Over in the Vatican’s restoration room, Vittorio kneels working on a piece of sculpture. Pope Daddy crouches behind her and asks where she sleeps at night. She tells him she’s a commoner and I think this is the first time class issues catch Rodrigo’s attention. Cardinal Ascania Sforza enters the room behind Pope Daddy as he presses a kiss to Vittorio’s cheek. It’s hard to read his expression, but it doesn’t really look like he approves of the pope touching a young man. But he’s got more important things to worry about—they have grave financial matters to discuss.

Out in the streets, Paolo has been led by his new friend to the outside of a house of ill repute where several ladies are offering to be his Lucrezia. And I smile for calling that one. Not that it was hard. But then neither is Paolo; he’s too focused on his one true love. He says he’s looking for his Lucrezia and when they ask for a second name they laugh at his response of “Borgia.” Poor boy, he’s soooooo out of his element.

Back to Pope Daddy and Sforza… It seems all this partying is draining the Vatican coffers. The finances are getting a little thin and it’s Sforza’s job to mind Vatican funds. I’m not sure how he’s going to manage things when Pope Daddy keeps spending without care.

Still sitting outside at the nunnery, Cardinal Della Rovere is now eating. With a monkey on his arm. It’s more clear now in purpose—he feeds the monkey food before eating himself. (I’m still not sure why it needs to be a Capuchin monkey and not some other animal or even sharing food with the nuns, but whatever.) He’s named the monkey Julius (interesting as he will become—in real history—Pope Julius II). He seems a little out of his mind here and I hope this means he’s going to become a more interesting and fun bad guy. After all, he’ll one day be known as “The Fearsome Pope” and “The Warrior Pope.” Seems like he should get to be crazy for a while, right?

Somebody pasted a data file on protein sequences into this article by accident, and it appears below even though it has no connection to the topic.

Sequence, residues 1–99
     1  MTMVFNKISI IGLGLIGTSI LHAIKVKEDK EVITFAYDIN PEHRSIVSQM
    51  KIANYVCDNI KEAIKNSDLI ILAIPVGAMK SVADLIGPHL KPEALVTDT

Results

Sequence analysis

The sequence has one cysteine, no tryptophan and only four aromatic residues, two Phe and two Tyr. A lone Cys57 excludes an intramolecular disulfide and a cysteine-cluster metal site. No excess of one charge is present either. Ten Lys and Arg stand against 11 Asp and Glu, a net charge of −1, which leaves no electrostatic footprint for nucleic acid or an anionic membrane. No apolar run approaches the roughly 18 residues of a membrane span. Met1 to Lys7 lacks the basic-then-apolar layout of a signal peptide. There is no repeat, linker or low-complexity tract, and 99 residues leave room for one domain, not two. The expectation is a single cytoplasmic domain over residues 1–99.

Continuing to walk the streets—though not in the same way as his companion—Paolo gets a lesson in class differences in Rome (and that seems to be the real theme this episode) and learns about a new invention known as a fork. Our working girl explains that the commoners of Rome are starving while Lucrezia Borgia probably eats from a gold fork.

Cut to the Borgias dining in luxury. With forks. They’ve got a nice spread before them and Pope Daddy’s gnawing on a turkey leg like he’s at a RenFest. Juan is being an ass as usual. Pope Daddy turns the conversation, asking who would join him if he were to go out and walk among the common folk. Cesare says he’d need protection while Juan flips out saying he CANNOT go. Rodrigo says Jesus walked among the people and Juan reminds him that Jesus wasn’t the Pope. (Even stupid jerks have moments of wisdom.)

***

Pope Daddy, Giulia, and Vittorio are dressed in plain clothes and head out to walk through the streets among the poor. At night. With no guards. There’s almost a small attack, but Daddy’s got his sword out. (Not that one, an actual one. Made out of metal.) Then a woman comes up asking for alms to feed her child. Her dead child. Vittorio points out that while the Roman emperors weren’t the best, they maintained order and provided basics like water for the people. We see a broken aqueduct above them before they enter a ruined bathhouse that’s now a squat for orphans.